No one achieves originality without mastering the skill of imitation. Imitation will not make a servile idiot out of you; firstly, because no servile idiot elevates himself to the point of being capable to imitate the great; secondly, for by imitating one author, then another, and another, and still another, you will not become like any of them, but rather, in composing from what you have learned with them your own arsenal of modes of expression, in the end you will be none other than yourself, just empowered and ennobled by the weapons acquired.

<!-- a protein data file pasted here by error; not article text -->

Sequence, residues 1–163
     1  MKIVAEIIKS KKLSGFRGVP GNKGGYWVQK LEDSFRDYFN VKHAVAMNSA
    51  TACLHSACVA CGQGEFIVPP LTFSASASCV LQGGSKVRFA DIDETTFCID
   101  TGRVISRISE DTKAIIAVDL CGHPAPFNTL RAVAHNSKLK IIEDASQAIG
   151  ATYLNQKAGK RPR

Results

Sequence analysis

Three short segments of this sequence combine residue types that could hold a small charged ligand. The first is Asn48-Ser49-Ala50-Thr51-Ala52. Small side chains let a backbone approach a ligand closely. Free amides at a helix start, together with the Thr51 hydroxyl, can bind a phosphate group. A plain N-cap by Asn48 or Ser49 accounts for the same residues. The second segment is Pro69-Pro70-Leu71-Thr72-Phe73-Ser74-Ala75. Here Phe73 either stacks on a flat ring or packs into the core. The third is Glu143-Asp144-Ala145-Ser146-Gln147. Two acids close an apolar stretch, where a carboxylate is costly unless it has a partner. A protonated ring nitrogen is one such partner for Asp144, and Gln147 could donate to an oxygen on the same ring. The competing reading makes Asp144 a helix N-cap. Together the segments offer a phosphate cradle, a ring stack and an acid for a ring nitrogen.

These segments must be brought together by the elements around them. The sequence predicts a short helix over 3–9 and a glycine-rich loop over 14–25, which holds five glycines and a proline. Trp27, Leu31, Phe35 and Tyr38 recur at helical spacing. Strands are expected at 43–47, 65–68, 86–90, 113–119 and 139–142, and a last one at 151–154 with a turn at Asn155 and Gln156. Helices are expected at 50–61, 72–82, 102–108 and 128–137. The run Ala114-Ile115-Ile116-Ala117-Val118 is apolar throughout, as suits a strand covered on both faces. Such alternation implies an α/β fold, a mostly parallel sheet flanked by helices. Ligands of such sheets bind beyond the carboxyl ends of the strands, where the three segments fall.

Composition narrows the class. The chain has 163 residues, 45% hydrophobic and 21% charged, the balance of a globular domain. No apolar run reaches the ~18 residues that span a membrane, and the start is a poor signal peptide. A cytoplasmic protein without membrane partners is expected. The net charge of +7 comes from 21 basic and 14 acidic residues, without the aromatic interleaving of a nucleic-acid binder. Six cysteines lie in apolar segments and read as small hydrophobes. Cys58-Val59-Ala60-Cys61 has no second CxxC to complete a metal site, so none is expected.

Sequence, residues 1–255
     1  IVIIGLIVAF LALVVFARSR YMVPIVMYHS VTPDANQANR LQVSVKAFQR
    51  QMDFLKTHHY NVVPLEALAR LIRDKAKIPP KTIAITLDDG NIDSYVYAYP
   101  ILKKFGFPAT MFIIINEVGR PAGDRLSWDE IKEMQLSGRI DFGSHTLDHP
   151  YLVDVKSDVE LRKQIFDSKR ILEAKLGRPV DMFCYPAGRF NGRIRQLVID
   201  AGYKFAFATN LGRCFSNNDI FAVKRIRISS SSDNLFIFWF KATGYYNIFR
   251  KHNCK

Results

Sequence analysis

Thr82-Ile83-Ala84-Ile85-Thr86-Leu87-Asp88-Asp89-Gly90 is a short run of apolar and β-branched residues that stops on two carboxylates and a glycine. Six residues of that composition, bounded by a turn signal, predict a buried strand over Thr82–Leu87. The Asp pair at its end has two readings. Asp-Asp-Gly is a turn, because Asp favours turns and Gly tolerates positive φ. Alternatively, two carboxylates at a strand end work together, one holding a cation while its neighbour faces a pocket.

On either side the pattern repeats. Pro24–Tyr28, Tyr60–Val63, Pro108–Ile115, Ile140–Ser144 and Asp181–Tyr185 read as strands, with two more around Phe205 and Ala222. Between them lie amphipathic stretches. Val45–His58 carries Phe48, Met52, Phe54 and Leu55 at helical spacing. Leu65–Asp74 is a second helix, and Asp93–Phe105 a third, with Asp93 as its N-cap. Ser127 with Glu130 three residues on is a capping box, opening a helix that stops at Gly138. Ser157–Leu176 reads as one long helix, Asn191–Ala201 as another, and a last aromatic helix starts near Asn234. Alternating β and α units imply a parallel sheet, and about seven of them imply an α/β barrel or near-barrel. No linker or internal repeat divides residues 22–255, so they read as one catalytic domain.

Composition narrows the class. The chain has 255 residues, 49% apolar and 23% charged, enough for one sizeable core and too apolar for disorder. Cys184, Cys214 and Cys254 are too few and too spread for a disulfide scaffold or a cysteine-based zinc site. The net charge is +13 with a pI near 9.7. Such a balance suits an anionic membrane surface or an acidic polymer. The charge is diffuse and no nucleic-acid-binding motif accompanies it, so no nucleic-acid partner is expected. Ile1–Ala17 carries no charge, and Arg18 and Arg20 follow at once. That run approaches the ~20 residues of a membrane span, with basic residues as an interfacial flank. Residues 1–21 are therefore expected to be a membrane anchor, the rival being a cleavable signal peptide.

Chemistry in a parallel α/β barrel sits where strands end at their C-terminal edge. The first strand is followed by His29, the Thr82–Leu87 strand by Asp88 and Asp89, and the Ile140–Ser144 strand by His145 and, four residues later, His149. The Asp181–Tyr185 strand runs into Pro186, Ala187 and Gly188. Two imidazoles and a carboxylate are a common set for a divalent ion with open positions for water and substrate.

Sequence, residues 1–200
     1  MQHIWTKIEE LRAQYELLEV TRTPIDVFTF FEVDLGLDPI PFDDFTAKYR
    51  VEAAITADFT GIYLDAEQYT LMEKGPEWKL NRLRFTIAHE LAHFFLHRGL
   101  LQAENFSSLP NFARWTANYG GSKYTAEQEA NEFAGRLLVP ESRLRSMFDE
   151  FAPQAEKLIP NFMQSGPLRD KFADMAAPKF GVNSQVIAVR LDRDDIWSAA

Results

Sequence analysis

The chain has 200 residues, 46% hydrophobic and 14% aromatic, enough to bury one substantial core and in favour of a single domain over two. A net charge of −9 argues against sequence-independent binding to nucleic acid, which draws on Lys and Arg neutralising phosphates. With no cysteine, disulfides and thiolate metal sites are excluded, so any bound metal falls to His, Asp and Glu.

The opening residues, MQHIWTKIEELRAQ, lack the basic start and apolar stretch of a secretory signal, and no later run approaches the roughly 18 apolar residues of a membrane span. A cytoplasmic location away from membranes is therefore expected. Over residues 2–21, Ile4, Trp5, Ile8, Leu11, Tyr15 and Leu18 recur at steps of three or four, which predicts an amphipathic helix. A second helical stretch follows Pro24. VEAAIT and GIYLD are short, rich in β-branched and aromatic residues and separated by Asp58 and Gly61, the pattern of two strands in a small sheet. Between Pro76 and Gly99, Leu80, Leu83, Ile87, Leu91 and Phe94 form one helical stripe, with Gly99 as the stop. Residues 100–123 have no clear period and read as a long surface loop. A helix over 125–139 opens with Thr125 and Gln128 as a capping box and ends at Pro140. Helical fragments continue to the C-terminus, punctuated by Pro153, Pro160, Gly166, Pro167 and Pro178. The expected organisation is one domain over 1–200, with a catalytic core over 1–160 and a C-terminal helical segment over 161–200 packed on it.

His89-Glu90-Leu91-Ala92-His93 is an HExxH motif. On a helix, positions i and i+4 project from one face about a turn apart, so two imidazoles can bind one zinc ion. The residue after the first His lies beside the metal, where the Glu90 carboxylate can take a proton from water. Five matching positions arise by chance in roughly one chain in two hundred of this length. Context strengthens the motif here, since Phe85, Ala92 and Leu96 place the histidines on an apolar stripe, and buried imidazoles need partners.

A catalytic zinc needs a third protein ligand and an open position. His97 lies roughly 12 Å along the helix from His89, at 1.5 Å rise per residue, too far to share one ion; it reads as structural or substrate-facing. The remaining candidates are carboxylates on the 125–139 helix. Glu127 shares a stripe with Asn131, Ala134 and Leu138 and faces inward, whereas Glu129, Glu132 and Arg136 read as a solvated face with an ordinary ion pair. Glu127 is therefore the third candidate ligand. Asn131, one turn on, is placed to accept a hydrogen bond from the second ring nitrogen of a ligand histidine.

It is in this sense and in this sense only that one learns to write by reading. It is a form of reading which requires selective search for unity behind variety, learning through active imitation, and the constitution of personal repertoire in constant expansion and development. Many who today pose as writers not only have never been through such a course of learning but moreover are not even suspicious of its existence.

Out of it, though, everything is barbarity and industrialized ignorance.

Olavo de Carvalho
O Globo, 3rd of February, 2001
Translation by Pedro Cava

Leave a Reply